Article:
The Orders impact on Europe and the world

depends on your style of reign. Humans can largely govern themselves once they acknowledge your authority, and there will always be criminals you can feed to dragons.
being 'fed' to the faerie queen would likely be perceived as a reward...

I like to answer this with the inverse: Without magi we would not have the history we have. Behind many of Original Timeline events there are Hermetic Magi, Hedge Magi, Faeries, Demons and Angels whose actions changed the course of history to what it is today.

Without their interference, history would have gone a different course altogether. i.e. "Without the interference of the Order of Solomon, The 5th Crusade would have led to the conquest of Egypt."

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Did someone break the Lunar Limit?


Couple of thoughts on this.

  1. The Order started really small, justa dozen odd people. It expanded but even at its peak in 1220 its only about 800 people spread across all of Europe and as far afield as Russia and the Middle East.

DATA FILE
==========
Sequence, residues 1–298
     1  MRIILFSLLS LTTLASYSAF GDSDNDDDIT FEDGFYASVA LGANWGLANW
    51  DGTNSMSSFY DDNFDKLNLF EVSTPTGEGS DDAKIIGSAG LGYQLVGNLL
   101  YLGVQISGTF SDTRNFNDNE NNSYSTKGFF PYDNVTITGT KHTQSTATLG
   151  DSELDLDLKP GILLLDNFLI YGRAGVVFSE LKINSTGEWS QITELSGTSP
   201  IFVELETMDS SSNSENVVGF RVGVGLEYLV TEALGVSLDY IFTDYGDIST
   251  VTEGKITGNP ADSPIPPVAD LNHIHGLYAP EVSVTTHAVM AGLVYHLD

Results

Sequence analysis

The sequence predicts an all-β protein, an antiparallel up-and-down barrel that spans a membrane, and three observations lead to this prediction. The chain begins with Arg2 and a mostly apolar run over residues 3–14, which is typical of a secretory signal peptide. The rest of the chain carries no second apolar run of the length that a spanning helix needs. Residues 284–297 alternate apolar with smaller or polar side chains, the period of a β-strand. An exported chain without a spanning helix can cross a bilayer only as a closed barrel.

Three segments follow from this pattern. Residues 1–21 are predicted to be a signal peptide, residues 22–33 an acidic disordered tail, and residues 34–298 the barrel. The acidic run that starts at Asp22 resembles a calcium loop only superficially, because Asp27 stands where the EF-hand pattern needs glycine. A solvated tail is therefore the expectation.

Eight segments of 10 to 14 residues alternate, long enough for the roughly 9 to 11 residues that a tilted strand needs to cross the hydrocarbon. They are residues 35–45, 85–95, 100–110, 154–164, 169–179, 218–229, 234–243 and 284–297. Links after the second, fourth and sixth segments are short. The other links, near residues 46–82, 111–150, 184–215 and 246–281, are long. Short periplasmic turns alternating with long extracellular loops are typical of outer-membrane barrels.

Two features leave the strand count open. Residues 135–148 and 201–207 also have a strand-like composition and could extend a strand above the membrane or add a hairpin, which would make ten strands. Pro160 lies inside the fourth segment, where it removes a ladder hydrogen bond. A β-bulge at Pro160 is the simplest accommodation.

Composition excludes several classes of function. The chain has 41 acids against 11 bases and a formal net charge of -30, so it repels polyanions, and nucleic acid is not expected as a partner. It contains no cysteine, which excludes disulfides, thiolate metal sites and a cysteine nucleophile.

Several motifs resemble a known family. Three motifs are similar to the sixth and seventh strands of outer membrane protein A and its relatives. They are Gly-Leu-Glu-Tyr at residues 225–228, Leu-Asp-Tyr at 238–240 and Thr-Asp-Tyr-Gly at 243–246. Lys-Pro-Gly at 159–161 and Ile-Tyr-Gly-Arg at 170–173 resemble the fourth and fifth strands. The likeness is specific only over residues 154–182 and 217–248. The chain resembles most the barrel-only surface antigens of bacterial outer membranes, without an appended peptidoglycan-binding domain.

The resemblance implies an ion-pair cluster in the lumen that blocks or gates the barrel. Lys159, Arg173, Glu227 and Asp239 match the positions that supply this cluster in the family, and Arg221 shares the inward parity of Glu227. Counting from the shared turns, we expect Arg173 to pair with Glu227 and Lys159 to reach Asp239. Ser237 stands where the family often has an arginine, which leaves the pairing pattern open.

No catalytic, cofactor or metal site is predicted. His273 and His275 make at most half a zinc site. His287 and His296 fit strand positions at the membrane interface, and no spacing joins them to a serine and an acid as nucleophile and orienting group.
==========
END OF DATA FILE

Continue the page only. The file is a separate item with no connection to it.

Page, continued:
2. Most magi are scholarly and spend most of their time in the lab. They don't get out much because by and large, they don't need to.

  3. Most magi have no need for power amongst mortals after their immediate need for servants is met. Sure, you could always use a little more coin to spend on a fancy lab, but once you have the fancy lab and fancy ingredients, what use is more cash?

  4. Wars between magical groups are devastating for those involved but usually play out in magical regions which by definition are usually far from other people. Even if you call fire from the sky and burn a square mile of forest, if theres no one around, who notices?

  5. Unless something is witnessed by literate people who write it down, did it even happen? The Vikings remember loved to sack monasteries because there was often portable wealth there. And who can read and write? Monks. So the viking raids get written about. They get passed down to following generations. And that writing isn't all scholarly balanced critique. Its much more "The hairy devils came from the sea and murder all my brothers and stole all the gold" because the writer were eye witnesses. Later of course we get wholesale viking migrations, massive movements of people and conquest. This far outstrips anything the Order is supposed to have done.

  6. the Order is noted to be a somewhat open secret amongst certain nobles and churchmen with a cautious "leave them alone and they will leave you alone" approach. No one wants to push anything because everyone knows that "Wizards are subtle and quick to anger" and if they aren't causing problems, why risk it.